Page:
MAILED: June 25, 1999|
For the second year in a row, 99 percent of alumni responding to a Career Services' survey have indicated that they are either employed or continuing their education a year after graduating from the University of Wisconsin-Eau Claire.
"Last year the national economy exploded, consumer confidence soared and companies expanded their workforces to match the increased demand for services," said Jeanne Sinz, director of Career Services. "This sizzling economy, combined with UW-Eau Claire's outstanding reputation, means our graduates have even more options."
The 1997-98 employment survey is based on a 75 percent response rate, or 1,176 responses from the 1,569 graduates. Of those responding, 99 percent of College of Arts and Sciences and College of Business graduates reported they were working or continuing their education, and 98 percent of the College of Professional Studies graduates reported they were working or continuing their education.
Overall, 89 percent of those responding reported they were employed full- or part-time, 10 percent were continuing their education, and 1 percent said they were seeking employment.
"High placement rates are a good indication that employers are pleased with how well prepared UW-Eau Claire graduates are for the workforce," Chancellor Donald Mash said. "In addition to outstanding classroom preparation, our students gain valuable experiences through things such as our service learning program, leadership programs and opportunities to participate in groups and organizations.
"The living and learning environment here has been judged to be among the best in the Midwest. Employers recognize they are well-served by our alumni."
Members of the 1997-98 graduating class are now working as biologists, graphic designers, music therapists, police officers, programmers, research chemists, Peace Corps volunteers, wildlife biologists and youth care workers. Education graduates work in more than 100 school districts and nursing graduates work in more than 50 hospitals, clinics, nursing homes and schools.
Graduates of that class are continuing their education at more than 40 educational institutions, including places such as Loyola University, Northwestern University, Purdue University, Texas A&M University, UW-Medical School and William Mitchell College of Law.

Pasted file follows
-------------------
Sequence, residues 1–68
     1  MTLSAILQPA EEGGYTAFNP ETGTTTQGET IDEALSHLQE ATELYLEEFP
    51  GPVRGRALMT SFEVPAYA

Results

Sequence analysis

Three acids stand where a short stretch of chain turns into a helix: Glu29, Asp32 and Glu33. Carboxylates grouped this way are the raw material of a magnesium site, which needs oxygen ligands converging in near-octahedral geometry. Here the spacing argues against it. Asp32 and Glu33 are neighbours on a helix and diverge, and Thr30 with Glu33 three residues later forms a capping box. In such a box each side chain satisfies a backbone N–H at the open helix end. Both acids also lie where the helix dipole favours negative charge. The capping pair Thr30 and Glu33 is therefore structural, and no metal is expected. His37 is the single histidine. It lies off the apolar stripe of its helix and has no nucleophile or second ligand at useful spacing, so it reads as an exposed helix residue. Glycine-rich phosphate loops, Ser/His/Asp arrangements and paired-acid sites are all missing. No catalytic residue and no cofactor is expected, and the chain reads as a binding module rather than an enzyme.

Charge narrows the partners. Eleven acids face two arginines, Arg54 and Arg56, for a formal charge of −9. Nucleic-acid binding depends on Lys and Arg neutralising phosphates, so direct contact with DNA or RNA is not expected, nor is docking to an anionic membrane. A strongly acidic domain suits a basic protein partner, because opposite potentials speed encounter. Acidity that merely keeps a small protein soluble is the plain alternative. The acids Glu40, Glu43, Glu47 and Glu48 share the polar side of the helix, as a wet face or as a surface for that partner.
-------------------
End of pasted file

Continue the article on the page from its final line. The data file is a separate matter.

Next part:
In the College of Arts and Sciences, 286 of the 663 graduates survey respondents were employed full-time, 30 were employed part-time, 76 were continuing their education, six were seeking employment and information was not available for 265 of the graduates.
In the College of Business, 351 of the 391 graduates were employed full-time, 10 were employed part-time, two were continuing their education, five were seeking employment, and no information was available for 23 of the graduates.
In the School of Education, 164 of the 295 graduates were employed full-time, two were employed part-time, 17 were working as substitute teachers/aides, 16 were employed outside the field of education, 26 were continuing their education, three were seeking employment, and information was not available for 67 graduates.
In the School of Human Sciences and Services, 62 of the 112 1997-98 graduates were employed full-time, five were employed part-time, eight were continuing their education, three were seeking employment and information was not available for 34 graduates.
In the School of Nursing, 92 of the 108 graduates were working full-time, six were working part-time, two were continuing their education and information was not available about eight graduates.
"These numbers show that UW-Eau Claire graduates are off to a good start and again demonstrate that a degree from UW-Eau Claire is extremely marketable in today's job market," Sinz said. "Our graduates particularly those who planned early and created experiences in and out of the classroom during their years at UW-Eau Claire have options."
While the national economy is settling down after rising to dizzying heights in recent years, it's still booming in the Midwest where a majority of UW-Eau Claire alumni look for jobs, Sinz said, adding that 1998-99 UW-Eau Claire graduates also are finding attractive positions in a variety of fields.
The booming economy has served as a reminder to employers that it's important to establish long-term relationships with quality institutions such as UW-Eau Claire, Sinz said.
"Traditionally, employers aggressively recruit our graduates but with the national and regional economies looking so good, employers have been even more active on campus," Sinz said. "That's great news for our students a great reputation and a booming economy."
Although nationally a slowdown is predicted, the job market looks great in the Midwest, Sinz said. Regionally, 37 percent of Chippewa Valley employers expect to add employees, she said. And salaries are increasing, Sinz said, noting that last year Wisconsin experienced a 7.8 percent increase in salaries compared to a national average of 4.8 percent.
"Those organizations that have an ongoing and long-term relationship with UW-Eau Claire have an image on campus," Sinz said. "Our faculty and our students know those organizations. And in today's competitive market and it's a sellers market for employers those long-term relationships are important if they want to recruit our students."
Even more encouraging is that the competition for UW-Eau Claire graduates has prompted organizations to offer more internships, participate in more campus career information events and offer more on-campus interviews.
"This is great news for future graduates as well as recent graduates," Sinz said of the current job market. "Students have a lot of opportunities to gain a breadth of experiences while at UW-Eau Claire and that gives them more options when they graduate."
Janice B. Wisner
UW-Eau Claire News Bureau
Updated: June 25, 1999